Leadership Strength - The Emotional Quotient vs. Intelligence Quotient?

Few would argue high IQs can have significant life-long value. But have you ever met the person known to have a high IQ but little to no “people” skills? It’s difficult to describe these types of individuals other than they simply appear as “socially awkward”, by virtue of their IQ, these gifted people often find themselves as a leader of a company – usually as a result of something they invented or a company they launched. On the other hand, you most likely have also crossed paths with the individual who seems to have the “it” factor when it comes to “people” skills. These individuals are usually people magnets, they appear to be natural leaders. There’s no rule to this gifted person respective to IQ, but there’s certainly something going on that most people simply can’t define. However, there may be an explanation worth exploring. Let’s start with a definition of Emotional Quotient, frequently referred to as EQ or Emotional Quotient Indexing(EQI) (aka- Emotional Intelligence(EI)) – a method which is quickly being adopted to reduce the risk of a newly hired candidate in a critical position.

EQ is defined as an individual’s awareness that emotions can drive our behavior and impact people (positively and negatively), and learning how to manage those emotions – both our own and others – especially when we are under pressure.

Any leadership position will almost always require employee and peer management – either directly or indirectly. The individual with a high EQ can connect and pivot almost intuitively, regardless of how sensitive a situation may appear. The more highly charged the situation, the more adaptive the high EQ person will engage. Why? They have a conscious awareness, or an empathy, of how a situation is emotionally affecting a person or even a group of people. It’s through this “connection”, they’re able to appropriately react and respond to each unique interaction.

In a recent University of Florida study, having “emotional intelligence increases a professional’s chances of being more accepted by teams and considered for future leadership positions.” Many experts also believe a person’s EQ may be more important than their IQ, and may be a better predictor of future success. There are 5 leadership styles associated with EQ, and sometimes, the best leaders are those that can incorporate many styles as the situation warrants:

  1. Visionary- A leader capable of inspiring people by focusing on long-term goals. To be effective, they must be able to listen to the values held by the individual employees within the group, and can explain the overall goals of the organization in a way that wins over their support.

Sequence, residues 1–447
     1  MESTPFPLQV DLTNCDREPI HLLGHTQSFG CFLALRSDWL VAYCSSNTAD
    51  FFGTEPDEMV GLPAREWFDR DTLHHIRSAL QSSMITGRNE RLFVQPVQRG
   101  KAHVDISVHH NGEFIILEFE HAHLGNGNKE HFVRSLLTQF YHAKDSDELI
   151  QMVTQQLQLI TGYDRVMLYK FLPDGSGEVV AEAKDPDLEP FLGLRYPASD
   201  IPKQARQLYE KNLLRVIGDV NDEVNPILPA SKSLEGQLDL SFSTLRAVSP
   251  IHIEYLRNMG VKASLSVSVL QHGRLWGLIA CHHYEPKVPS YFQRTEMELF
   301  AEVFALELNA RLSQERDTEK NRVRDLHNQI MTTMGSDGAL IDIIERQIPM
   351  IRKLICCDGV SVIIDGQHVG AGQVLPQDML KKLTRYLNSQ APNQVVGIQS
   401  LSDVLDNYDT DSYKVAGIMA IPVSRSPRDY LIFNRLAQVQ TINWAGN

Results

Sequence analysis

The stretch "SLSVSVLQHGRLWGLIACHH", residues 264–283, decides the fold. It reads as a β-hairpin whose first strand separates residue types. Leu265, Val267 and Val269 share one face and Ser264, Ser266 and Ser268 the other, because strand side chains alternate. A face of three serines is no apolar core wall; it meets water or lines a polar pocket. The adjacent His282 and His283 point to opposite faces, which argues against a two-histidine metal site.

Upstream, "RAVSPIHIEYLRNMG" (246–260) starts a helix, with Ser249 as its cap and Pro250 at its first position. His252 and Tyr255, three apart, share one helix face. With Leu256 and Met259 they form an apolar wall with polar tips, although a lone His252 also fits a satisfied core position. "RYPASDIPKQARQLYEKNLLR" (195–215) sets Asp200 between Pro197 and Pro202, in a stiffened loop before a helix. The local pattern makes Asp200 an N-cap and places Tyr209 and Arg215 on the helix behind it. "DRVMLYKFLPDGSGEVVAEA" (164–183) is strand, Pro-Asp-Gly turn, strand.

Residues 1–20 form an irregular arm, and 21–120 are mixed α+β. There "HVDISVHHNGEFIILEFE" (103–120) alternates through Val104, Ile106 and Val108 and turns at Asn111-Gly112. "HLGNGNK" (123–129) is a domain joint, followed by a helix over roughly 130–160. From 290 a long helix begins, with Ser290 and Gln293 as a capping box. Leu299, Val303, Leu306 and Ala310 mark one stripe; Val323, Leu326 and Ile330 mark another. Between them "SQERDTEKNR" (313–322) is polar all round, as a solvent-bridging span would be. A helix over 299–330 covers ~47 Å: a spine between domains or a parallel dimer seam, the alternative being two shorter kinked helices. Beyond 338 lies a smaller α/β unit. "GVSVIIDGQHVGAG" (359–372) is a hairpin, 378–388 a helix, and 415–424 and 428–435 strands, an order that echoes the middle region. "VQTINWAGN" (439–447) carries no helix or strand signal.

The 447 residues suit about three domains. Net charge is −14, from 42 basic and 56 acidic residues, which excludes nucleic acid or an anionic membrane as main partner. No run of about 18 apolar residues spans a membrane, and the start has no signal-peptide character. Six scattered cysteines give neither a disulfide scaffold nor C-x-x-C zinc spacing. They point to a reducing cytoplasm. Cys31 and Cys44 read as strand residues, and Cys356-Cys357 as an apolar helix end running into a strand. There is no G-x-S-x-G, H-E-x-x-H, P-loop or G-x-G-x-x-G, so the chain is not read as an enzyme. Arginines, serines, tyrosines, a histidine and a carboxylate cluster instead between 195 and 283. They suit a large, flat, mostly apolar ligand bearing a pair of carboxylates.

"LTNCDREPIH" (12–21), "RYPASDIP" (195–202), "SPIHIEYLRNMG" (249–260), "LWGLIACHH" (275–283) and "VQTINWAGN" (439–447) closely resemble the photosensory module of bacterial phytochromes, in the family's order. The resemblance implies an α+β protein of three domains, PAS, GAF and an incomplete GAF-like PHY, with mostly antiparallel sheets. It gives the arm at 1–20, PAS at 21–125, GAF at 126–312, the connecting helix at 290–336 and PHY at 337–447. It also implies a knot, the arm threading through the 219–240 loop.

2. Coaching- Or, leadership by delegation. A task is given out to the employee with the expectation that they will be responsible for its completion to the benefit of the company’s success. Coaching leaders have strong listening skills, often applied in one-on-one settings with employees, to help establish not only a rapport and trust, but also to use this skill set to help employees work out for themselves how their performance is essential, and where they can improve.
  3. Affiliative- This is the style of leadership that creates a warm, people-focused working environment. An affiliative leader also uses their listening power to discover employees' emotional needs, and strives to honor and accommodate those needs in the workplace.
  4. Democratic- Leadership that gets input and commitments from everyone in the group. When a stalemate is reached on how to proceed, these leaders garner fresh ideas by listening to everyone's opinions and information, and moves forward on the consensus ideas.
  5. Pacesetting- Leadership that sets ambitious and sometimes lofty goals, and continually monitors progress toward the completion of those goals. They know how and when to congratulate and applaud the extra effort – triggering immediate appreciation by those in charge of the aggressive tasks.

Most people will lean toward one or two of the traits above, the individual that has honed their EQ skill sets will be able to shift between leadership styles based on the current needs of the business, the team, and the individual. The best part of EQ, unlike IQ, it can be a learned behavior with a little bit of coaching and a willingness to be open to introspective feedback. It’s not easy, but it’s achievable, and worth the effort.

The best candidates for hiring a business coach are your successful business owners and sales people. They have the drive to achieve more, but know that with a business coach, they can do so quicker than trying on their own. Want to learn more about the value of leadership coaching? Let’s schedule time to connectJack Belford, FocalPoint


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